Being a stoic isn't about being cold and unfeeling, it's about separating the things that are within your control from the things that are out of your control.
"There is only one way to happiness and that is to cease worrying about things which are beyond the power of our will."
"Man is not worried by real problems so much as by his imagined anxieties about real problems."
"People are not disturbed by things, but by the views they take of them."
"Do not wish that all things will go well with you, but that you will go well with all things."
The circumstances that are within your control to change you must be confident in yourself to rise to the challenge they present to you to the best of your ability.
External circumstances are beyond our power to change, and the only thing you have control over is how you respond to them.
"Some things are in our control and others not. Things in our control are opinion, pursuit, desire, aversion, and, in a word, whatever are our own actions. Things not in our control are body, property, reputation, command, and, in one word, whatever are not our own actions.
The things in our control are by nature free, unrestrained, unhindered; but those not in our control are weak, slavish, restrained, belonging to others. Remember, then, that if you suppose that things which are slavish by nature are also free, and that what belongs to others is your own, then you will be hindered. You will lament, you will be disturbed, and you will find fault both with gods and men. But if you suppose that only to be your own which is your own, and what belongs to others such as it really is, then no one will ever compel you or restrain you. Further, you will find fault with no one or accuse no one. You will do nothing against your will. No one will hurt you, you will have no enemies, and you not be harmed.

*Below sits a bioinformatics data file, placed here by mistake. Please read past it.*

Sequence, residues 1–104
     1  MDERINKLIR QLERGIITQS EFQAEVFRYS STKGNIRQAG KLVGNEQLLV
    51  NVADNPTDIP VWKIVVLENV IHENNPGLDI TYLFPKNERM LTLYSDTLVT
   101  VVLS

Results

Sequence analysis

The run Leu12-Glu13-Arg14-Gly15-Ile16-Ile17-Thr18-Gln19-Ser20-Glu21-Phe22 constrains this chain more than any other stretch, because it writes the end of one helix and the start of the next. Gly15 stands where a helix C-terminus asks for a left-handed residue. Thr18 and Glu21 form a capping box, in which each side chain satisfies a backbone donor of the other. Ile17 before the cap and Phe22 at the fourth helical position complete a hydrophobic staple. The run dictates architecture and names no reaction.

Aiming therefore at such great things, remember that you must not allow yourself to be carried, even with a slight tendency, towards the attainment of lesser things. Instead, you must entirely quit some things and for the present postpone the rest. But if you would both have these great things, along with power and riches, then you will not gain even the latter, because you aim at the former too: but you will absolutely fail of the former, by which alone happiness and freedom are achieved.
Work, therefore to be able to say to every harsh appearance, "You are but an appearance, and not absolutely the thing you appear to be." And then examine it by those rules which you have, and first, and chiefly, by this: whether it concerns the things which are in our own control, or those which are not; and, if it concerns anything not in our control, be prepared to say that it is nothing to you."
- Epictetus, Enchiridion